Microsoft

+ - Microsoft says open source violates 235 patents

Submitted by Anonymous Coward
An anonymous reader writes "Microsoft top lawyer Brad Smith alleges that the Linux kernel violates 42 Microsoft patents, while its user interface and other design elements infringe on a further 65. OpenOffice.org is accused of infringing 45, along with 83 more in other free and open-source programs."
The Internet

+ - US Defense Dept blocking YouTube, MySpace, and 11

Submitted by
mcgrew
mcgrew writes "On the heels of yesterday's Slashdot storyabout The US military launching its own channel on YouTube, today the Chicago Tribune reports that the Defense Department is blocking YouTube, as well as MySpace and '11 other sites world wide'. From TFA:

The armed services have long barred members of the military from sharing information that could jeopardize their missions or safety, whether electronically or by other means.

The new policy is different because it creates a blanket ban on several sites used by military personnel to exchange messages, pictures, video and audio with family and friends.

Members of the military can still access the sites on their own computers and networks, but Defense Department computers and networks are the only ones available to many soldiers and sailors in Iraq and Afghanistan.
"
United States

+ - DoD Blocks Websites on Its Machines Worldwide

Submitted by
eldavojohn
eldavojohn writes "Recently, the United States military has been trying to control what is relayed from troops abroad via the internet and now they're censoring what troops can access. In a memo[PDF], US Army Commander Bell announced that popular sites about to be blocked include: YouTube, Metacafe, IFilm, StupidVideos, FileCabi, MySpace, BlackPlanet, Hi5, Pandora, MTV, 1.fm, live365, and the photo-sharing site Photobucket. If you look at the users as employees, this isn't anything different from actions US companies are taking — however, if these sites are blocked during the entire time personnel serve, I could see it as more than a mere annoyance."
Software

+ - Princeton Comp. Sci. Homework is U.S. State Secret

Submitted by
KSim
KSim writes "According to this blog post ( http://www.dailyprincetonian.com/blogs/prox/2007/0 5/treasonous_use_of_comp_sci_hom.html ), an intro level computer science assignment at Princeton is legally prohibited by U.S. law from being shared with certain other nations:

Legal notice. It is a violation of US law to export your solution for this assignment to foreign governments or embargoed destinations (Cuba, Iran, Iraq, Libya, North Korea, Serbia, Sudan, Syria, and Taliban-controlled areas of Afghanistan as of January 2000). It is also illegal to import your solution into several countries, including France, Iran, Iraq, and Russia.
The assignment has students write a "Public Key Cryptosystem" described here:

"The RSA (Rivest-Shamir-Adleman) cryptosystem is widely used for secure communication in browsers, bank ATM machines, credit card machines, mobile phones, smart cards, and the Windows operating system. It works by manipulating integers. To thwart eavesdroppers, the RSA cryptosystem must manipulate huge integers (hundreds of digits). The built-in C type int is only capable of dealing with 16 or 32 bit integers, providing little or no security. You will design, implement, and analyze an extended precision arithmetic data type that is capable of manipulating much larger integers. You will use this data type to write a client program that encrypts and decrypts messages using RSA."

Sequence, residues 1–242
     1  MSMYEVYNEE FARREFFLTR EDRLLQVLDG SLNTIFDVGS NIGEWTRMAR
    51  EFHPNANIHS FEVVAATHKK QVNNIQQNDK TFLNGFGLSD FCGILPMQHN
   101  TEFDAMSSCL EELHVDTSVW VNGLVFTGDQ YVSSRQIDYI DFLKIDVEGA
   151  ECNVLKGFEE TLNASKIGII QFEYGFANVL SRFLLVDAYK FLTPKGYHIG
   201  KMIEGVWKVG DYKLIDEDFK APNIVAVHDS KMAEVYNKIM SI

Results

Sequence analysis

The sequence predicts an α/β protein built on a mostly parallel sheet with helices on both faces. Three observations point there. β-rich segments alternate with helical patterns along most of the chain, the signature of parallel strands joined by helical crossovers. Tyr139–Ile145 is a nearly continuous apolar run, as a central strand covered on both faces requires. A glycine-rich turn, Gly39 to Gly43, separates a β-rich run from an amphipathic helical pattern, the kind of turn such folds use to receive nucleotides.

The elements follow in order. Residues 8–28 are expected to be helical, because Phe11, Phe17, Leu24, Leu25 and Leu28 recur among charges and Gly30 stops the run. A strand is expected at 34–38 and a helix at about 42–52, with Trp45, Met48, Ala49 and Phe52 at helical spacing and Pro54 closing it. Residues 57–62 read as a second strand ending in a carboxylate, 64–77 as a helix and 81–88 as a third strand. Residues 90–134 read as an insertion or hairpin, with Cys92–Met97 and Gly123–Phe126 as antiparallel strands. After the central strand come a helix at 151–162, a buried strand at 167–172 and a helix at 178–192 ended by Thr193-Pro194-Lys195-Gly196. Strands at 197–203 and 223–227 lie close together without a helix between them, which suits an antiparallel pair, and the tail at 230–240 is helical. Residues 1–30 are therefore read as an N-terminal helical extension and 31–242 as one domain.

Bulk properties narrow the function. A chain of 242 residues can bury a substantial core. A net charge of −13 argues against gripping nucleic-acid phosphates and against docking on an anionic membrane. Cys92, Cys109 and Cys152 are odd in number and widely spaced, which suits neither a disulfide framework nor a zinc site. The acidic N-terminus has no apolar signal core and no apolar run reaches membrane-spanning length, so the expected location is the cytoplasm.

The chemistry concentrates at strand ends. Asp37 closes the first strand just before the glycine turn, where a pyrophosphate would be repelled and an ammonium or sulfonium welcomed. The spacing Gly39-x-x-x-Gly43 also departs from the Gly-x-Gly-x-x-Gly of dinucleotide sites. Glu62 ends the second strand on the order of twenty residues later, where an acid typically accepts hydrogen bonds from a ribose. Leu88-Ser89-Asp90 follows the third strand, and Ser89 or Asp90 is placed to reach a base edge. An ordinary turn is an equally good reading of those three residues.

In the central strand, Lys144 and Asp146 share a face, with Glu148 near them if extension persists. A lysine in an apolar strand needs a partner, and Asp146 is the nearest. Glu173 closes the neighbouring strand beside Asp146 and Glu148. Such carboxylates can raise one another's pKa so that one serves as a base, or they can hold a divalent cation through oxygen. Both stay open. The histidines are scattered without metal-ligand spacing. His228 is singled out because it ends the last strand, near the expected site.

"
Power

+ - Indian project shows solar power affordable - U.N

Submitted by sas-dot
sas-dot (873348) writes " A solar power project in India supplying electricity to 100,000 people will be widened to other developing nations after showing that clean energy can be cheaper than fossil fuels, a U.N. report said on Sunday. BBC News says that the $1.5m project, led by the UN Environment Programme (Unep), supports Indian bankers who offer finance to people who want to purchase a unit. The sunlight-powered systems are used to light homes and shops instead of expensive and polluting kerosene lamps. Officials hope to expand the scheme to Tunisia, China, Ghana and Indonesia. Before the UN project was set up, purchases were predominately cash only — making the devices too expensive for most people. The Indian Loan Programme helps its bank partners offer lower interest rates, longer payback periods and smaller deposits. "This project removes one of the main barriers to the shift to solar power — lack of financing," said Jyoti Painuly, a UN senior energy planner. "Asking customers... to pay cash for solar systems meant asking them to pay upfront an amount equal to 20 years of electricity bills." In terms of greenhouse gas emissions, the UN says a single wick lamp each year burns about 80 litres of kerosene, which produces more than 250kg of carbon dioxide. An estimated 100 million families in India use kerosene lamps."

No hardware designer should be allowed to produce any piece of hardware until three software guys have signed off for it. -- Andy Tanenbaum